“I for one welcome our new computer overlords,” wrote former Jeopardy champion Ken Jennings on the answer to his Final Jeopardy question as he conceded his defeat to the IBM supercomputer Watson. No matter who you were rooting for, it was indeed an historic day: February 16, 2011 will mark the day a computer bet its human opponents at Jeopardy. For more on the Jeopardy win, check out the article on ZDNet, as well as this excellent piece at PCWorld.
While the feat may seem trivial (literally) to some, as Jeopardy is after all just a trivia game show, the point is not about winning Jeopardy but about successfully processing human language. Indeed, computer processing of human language has been the “holy grail” of computing, which has been endlessly vexed by the complexities of context, meaning, puns, sarcasm, and all the other subtleties that ape-like meatbags… I mean, humans… use in casual conversation. Watson has demonstrated that the technology and software exists to process human language with a reasonable degree of success.
But the IBM Jeopardy Challenge was not a contest of man-against-machine. Fundamentally, Watson is a highly sophisticated language parsing and search engine program running on an impressive array of hardware. In truth, the contest was between Ken Jennings vs. Brad Rutter vs. all the programmers, engineers, software architects, and computer scientists who built Watson (all humans, by the way). This victory is a triumph for them, not for Watson itself. It is also a victory for our technological progress in the field of computer science.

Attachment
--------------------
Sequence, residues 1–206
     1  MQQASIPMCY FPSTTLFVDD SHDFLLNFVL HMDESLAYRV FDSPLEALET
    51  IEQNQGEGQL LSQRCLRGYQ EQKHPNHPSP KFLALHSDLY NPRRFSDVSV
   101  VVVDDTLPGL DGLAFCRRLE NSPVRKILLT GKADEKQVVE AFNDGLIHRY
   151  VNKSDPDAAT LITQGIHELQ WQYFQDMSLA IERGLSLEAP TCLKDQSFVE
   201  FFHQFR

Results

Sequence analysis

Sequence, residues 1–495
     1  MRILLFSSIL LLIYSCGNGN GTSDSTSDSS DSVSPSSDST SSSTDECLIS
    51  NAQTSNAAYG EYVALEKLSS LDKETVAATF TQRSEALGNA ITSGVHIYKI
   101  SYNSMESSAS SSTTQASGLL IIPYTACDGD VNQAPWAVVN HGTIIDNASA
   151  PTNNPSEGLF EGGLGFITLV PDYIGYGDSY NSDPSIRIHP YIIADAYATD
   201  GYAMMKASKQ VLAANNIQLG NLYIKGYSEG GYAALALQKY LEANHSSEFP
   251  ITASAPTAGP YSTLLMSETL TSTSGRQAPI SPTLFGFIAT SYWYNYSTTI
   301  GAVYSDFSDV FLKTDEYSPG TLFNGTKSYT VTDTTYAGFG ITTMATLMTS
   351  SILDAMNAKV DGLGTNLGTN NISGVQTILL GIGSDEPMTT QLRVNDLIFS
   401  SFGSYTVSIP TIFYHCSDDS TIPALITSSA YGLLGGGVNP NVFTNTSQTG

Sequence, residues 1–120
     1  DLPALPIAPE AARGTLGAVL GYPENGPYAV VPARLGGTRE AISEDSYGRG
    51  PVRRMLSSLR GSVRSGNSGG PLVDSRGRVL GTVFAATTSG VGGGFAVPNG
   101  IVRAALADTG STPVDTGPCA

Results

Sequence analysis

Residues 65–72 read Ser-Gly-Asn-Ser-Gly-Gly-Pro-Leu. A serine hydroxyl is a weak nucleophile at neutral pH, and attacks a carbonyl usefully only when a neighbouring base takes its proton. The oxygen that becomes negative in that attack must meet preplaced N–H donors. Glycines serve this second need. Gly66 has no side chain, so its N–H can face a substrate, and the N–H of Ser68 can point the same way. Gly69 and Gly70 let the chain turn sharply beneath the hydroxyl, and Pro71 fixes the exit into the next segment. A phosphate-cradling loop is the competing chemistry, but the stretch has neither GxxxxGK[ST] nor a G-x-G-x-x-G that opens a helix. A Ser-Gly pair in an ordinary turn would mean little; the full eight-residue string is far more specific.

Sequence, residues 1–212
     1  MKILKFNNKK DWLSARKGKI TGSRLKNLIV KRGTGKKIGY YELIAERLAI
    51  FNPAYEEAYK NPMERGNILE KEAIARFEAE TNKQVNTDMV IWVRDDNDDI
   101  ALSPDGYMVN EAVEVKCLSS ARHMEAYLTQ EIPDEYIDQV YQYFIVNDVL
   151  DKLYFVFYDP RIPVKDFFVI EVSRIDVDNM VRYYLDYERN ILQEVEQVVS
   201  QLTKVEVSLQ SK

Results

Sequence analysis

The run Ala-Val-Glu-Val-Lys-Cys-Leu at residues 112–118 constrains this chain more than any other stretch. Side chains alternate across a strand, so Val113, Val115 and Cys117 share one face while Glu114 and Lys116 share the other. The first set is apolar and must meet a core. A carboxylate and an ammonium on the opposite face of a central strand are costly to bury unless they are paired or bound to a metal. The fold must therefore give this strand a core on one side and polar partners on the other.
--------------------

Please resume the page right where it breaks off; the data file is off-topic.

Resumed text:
I’d also like to add that Watson runs on Linux.
IBM’s Watson page has this to say on the victory: “The challenge is over. Watson, Ken Jennings and Brad Rutter concluded their final round of Jeopardy! and the winner was… resoundingly, humankind. Watson’s advances in deep analytics and its ability to process unstructured data and interpret natural language will now be applied to humanity’s most vexing problems. If we can teach a computer to compete on Jeopardy! what could it mean for science, finance, healthcare and the future of society?”
I for one welcome our new natural language processing computers.